Resembling a game you'd find on a next-gen system, HyperBlade aggressively blazes new trails for PC players in search of innovative action/adventure gameplay.
HyperBlade plays like roller hockey meets Roller-ball. A no-holds-barred battle-sports contest set in a 3D hippodrome, HyperBlade is replete with stats and options for sports gamers and a scorching pace for action gamers. Play modes include full season, tourney, single game, and playoffs. A choice of 12 teams, customizable players, and 12 arenas with ramps, trenches, and traps round out the options. Power-ups. enhanced attributes based on increasing skill levels, custom armor, and projectiles tame the action gamer's bloodlust.
The game sacrifices smooth textured polygonal looks in favor of fast, enhanced play. The motion-captured moves of inline skating's top talent are evident in the variety and verve of the bladers' 200 moves, which include 360s, flips, rail-slides, and dives. Up to four players can battle over a network.
It's the future, and the lust for blood that lurks beneath western civilization's thin veneer of humanity has risen and boiled over. "Sport" is no longer a good-natured competition, with the occasional rush of a violent penalty offense. No, in the future of HyperBlade, body parts are regularly broken and ruptured on the playing floor and even the infrequent decapitation isn't enough to halt the proceedings. In fact, the severed head of an unlucky player is always used to score the next goal -- while the crowd cheers on. It is, indeed, a sad prospect for the future of humankind. It is also one awesome frigging game.
It goes something like this: Two teams of two people each inside a large boat-hull-shaped arena with various obstacles, objects and ramps surrounding them. The Rok is thrown into play from the center of the field, and the action begins: Get the Rok and throw it into the opponent's goal. (Actually there are three members on each team, but the goalies are computer-controlled.) While you're at it, see if you can beat, break, or even kill the guys on the other team. Violence is not a byproduct occurrence -- it is a necessity. If you try your hand at playing "fair," you will be crushed. I promise. So hit them as much as you can. You might be able to hit them with the killball or a landmine, or maybe kick them in the head with your skate.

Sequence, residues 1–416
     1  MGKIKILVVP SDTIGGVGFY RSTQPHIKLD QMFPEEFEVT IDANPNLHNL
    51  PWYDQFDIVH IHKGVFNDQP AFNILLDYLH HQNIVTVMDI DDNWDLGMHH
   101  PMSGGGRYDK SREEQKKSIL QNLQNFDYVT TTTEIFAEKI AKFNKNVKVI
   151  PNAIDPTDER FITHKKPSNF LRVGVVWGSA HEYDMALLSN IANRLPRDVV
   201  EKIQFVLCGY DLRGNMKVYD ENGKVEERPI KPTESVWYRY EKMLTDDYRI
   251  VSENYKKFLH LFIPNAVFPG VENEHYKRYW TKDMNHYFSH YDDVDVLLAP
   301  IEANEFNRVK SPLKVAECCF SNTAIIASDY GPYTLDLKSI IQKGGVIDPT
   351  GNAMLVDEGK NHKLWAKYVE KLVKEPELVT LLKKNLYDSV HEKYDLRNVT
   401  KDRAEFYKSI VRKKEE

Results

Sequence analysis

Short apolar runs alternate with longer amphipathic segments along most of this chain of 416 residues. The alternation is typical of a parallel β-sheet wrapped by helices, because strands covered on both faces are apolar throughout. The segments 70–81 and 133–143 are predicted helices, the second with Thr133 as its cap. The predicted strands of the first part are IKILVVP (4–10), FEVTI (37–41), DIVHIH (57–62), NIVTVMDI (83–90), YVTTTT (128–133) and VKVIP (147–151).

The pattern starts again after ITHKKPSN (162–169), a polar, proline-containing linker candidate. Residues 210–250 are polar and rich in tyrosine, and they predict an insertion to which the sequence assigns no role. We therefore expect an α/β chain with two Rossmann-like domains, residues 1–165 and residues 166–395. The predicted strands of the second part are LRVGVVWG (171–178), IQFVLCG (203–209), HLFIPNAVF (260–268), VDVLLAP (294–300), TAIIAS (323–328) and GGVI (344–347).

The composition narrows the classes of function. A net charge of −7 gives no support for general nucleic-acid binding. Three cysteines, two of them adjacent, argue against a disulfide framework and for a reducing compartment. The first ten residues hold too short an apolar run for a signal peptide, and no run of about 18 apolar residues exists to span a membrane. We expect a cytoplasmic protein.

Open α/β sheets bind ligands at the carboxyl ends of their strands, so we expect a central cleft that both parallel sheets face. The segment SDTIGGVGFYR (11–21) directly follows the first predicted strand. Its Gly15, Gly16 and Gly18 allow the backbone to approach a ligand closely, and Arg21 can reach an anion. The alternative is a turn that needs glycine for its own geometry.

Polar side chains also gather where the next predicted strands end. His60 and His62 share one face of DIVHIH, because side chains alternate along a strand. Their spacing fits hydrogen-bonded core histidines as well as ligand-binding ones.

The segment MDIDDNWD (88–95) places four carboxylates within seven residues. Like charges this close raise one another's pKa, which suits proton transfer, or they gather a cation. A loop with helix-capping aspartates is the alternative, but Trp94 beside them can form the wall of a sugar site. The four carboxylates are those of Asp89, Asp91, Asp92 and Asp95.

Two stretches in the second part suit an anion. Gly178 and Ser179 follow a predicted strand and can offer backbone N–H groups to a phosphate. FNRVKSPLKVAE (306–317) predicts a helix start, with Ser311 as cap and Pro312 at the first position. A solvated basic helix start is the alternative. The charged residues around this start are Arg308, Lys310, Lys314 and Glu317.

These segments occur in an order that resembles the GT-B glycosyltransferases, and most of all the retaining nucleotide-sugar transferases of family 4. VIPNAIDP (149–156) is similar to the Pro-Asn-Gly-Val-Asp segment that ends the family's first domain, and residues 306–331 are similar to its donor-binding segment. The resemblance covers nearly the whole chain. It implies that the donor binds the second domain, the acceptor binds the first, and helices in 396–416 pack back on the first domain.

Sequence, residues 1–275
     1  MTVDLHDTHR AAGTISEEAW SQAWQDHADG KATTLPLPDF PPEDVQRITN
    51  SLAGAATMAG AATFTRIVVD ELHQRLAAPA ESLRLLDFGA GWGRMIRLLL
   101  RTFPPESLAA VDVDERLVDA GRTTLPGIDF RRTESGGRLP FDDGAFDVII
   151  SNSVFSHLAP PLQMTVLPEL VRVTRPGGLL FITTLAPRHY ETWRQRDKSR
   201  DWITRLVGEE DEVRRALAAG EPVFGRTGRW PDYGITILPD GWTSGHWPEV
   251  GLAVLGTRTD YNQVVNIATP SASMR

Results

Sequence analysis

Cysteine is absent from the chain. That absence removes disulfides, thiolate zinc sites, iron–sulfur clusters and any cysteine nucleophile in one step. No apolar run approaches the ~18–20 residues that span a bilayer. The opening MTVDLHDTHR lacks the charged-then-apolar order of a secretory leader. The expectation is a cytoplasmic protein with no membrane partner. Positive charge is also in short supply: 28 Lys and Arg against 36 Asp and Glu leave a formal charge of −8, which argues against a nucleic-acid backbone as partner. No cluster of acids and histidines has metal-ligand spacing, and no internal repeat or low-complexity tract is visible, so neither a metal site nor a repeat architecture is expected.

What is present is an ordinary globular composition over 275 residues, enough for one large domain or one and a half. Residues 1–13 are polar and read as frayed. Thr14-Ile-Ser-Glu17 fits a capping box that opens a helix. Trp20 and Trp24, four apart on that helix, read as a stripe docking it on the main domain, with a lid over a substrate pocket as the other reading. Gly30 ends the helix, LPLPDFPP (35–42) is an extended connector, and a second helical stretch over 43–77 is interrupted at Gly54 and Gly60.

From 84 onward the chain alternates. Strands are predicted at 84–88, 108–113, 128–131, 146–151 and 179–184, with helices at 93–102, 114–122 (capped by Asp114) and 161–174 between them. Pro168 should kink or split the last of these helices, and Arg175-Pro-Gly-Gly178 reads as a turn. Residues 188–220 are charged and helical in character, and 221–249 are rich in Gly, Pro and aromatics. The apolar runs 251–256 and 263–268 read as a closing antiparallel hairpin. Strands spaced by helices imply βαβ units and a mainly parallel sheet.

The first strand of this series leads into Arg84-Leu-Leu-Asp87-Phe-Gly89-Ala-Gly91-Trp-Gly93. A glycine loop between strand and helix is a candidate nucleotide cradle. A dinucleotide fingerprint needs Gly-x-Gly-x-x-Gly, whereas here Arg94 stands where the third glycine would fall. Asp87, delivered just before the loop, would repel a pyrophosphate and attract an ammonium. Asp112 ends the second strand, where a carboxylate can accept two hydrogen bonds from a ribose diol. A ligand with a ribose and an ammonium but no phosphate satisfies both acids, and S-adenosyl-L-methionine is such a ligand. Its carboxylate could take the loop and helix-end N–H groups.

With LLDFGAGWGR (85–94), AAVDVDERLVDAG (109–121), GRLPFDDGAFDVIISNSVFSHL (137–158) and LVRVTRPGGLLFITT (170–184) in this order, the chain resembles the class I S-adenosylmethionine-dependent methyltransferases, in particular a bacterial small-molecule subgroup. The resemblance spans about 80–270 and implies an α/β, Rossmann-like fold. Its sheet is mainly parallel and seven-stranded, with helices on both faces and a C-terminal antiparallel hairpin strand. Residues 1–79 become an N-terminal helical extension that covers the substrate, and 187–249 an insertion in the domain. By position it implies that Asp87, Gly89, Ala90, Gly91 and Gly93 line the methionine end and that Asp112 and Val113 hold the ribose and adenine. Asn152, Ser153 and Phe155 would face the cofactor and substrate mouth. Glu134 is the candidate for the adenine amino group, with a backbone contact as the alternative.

The best way to describe the movement in HyperBlade is to say that the players move the way players in a video game like this ought to move. They skate, jump, fall, and beat each other to death with a fantastic fluidity. I've heard some folks who played the demo complain that it was difficult to get their bearings and to make the players do what they wanted, but the most I can say to that is that there might be something of a learning curve to the controls. It may take an hour or so before you're comfy with the movement. Also, as you get better at controlling the players, the more you are able to make them do, kind of like Mortal Kombat. There are side kicks, interceptions, and other fancy things you can do, but it takes a while to learn how to do them.
It might be worth pointing out that I didn't play the game with a joystick, but it does, actually, seem like a joystick kinda game. Don't get me wrong -- the game rocked my keyboard just fine ('til my fingers hurt sooooo bad), but I might have enjoyed it even more if I used a different controller.
The 3D rendering might leave something to be desired in the minds of a few people -- you can't see their faces, and the "detail" of the art isn't so great -- but it's a fair trade for the kind of usability we get this way. I'll take this over a beautifully designed version of Pong any day of the week.